Pictured above: Sweetscent (Pluchea odorata) by Mary Keim. Click on terms for botanical definitions. View post as a PDF.
Known by many names such as Camphorweed, Stinkweed, Salt marsh fleabane, Sourbush and Cattle-tongue, Sweetscent (Pluchea odorata) is a short-lived perennial wildflower that occurs naturally in freshwater and salt marshes, swamps and coastal hammocks throughout Florida. It typically blooms summer through fall. Its sweet-smelling leaves and flowers are very attractive to butterflies. Bees love this plant, too.
Sweetscent’s somewhat showy inflorescence is a dense, flat-topped cyme of rosy pink blooms. Individual flowers lack ray florets. Leaves are ovate to lanceolate with toothed margins and rough surfaces. They are alternately arranged. The fruit is an inconspicuous achene tipped with a pappus.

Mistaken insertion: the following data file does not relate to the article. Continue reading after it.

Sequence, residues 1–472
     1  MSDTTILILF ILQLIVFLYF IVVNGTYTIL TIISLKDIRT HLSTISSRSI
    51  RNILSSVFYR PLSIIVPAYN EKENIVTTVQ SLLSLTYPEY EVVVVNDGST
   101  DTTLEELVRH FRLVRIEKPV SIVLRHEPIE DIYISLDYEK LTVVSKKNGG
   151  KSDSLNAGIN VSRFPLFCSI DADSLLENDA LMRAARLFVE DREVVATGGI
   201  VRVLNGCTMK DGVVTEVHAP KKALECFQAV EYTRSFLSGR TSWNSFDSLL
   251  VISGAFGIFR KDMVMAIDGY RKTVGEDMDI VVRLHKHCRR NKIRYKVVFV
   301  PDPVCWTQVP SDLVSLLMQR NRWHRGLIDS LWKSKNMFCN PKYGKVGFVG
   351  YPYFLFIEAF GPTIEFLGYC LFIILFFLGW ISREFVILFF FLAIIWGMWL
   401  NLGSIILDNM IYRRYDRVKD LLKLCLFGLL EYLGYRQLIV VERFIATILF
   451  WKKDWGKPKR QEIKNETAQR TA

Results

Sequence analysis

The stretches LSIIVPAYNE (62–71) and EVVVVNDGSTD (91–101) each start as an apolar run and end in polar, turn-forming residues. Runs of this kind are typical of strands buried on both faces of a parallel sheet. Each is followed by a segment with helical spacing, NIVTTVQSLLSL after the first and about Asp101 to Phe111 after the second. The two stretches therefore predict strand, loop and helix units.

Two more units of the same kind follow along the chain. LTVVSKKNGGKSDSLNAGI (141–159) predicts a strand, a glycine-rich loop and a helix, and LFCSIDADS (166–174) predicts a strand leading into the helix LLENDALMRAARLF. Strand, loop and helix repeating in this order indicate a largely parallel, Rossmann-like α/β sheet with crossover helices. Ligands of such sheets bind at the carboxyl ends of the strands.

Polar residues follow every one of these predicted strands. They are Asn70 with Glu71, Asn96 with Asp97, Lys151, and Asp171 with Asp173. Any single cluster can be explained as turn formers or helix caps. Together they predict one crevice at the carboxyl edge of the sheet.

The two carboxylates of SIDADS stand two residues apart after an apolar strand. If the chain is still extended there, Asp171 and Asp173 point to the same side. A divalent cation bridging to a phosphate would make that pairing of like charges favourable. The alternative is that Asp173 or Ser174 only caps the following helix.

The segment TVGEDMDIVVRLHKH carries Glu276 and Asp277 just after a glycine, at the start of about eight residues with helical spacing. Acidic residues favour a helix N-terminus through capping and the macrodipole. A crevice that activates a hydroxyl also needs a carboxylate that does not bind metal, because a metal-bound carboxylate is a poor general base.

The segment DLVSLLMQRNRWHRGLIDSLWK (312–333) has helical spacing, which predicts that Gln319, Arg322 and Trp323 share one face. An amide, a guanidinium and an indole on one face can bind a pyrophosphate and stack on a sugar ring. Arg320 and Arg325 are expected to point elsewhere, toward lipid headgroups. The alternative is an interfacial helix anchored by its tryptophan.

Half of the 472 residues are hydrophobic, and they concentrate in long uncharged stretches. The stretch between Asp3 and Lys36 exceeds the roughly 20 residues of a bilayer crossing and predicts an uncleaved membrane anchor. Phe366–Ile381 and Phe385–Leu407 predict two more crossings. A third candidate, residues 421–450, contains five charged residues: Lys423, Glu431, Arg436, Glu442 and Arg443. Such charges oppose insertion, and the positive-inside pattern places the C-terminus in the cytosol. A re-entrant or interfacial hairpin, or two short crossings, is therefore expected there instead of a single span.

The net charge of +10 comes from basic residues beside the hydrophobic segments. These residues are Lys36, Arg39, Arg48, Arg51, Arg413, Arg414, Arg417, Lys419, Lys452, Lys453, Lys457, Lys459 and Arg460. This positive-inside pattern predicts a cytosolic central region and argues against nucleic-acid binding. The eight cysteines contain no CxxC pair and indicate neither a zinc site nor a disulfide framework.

A medicinal tea made from Sweetscent leaves is widely consumed in the Caribbean. The tea has stimulant, diuretic and antispasmodic properties.
Family: Asteraceae (Aster, composite or daisy family)
Native range: Nearly throughout
To see where natural populations of Sweetscent have been vouchered, visit florida.plantatlas.usf.edu.
Hardiness: Zones 8A–11
Soil: Moist to wet, moderately well-drained to periodically inundated sandy, calcareous or organic soils
Exposure: Full sun
Growth habit: up to 4’ tall
Garden tips: Sweetscent is rarely cultivated, but it is easy to propagate from seed. It can grow in nutrient poor soil and is moderately salt tolerant, but not drought tolerant. It can be weedy and is best used in a naturalistic landscape or habitat restoration.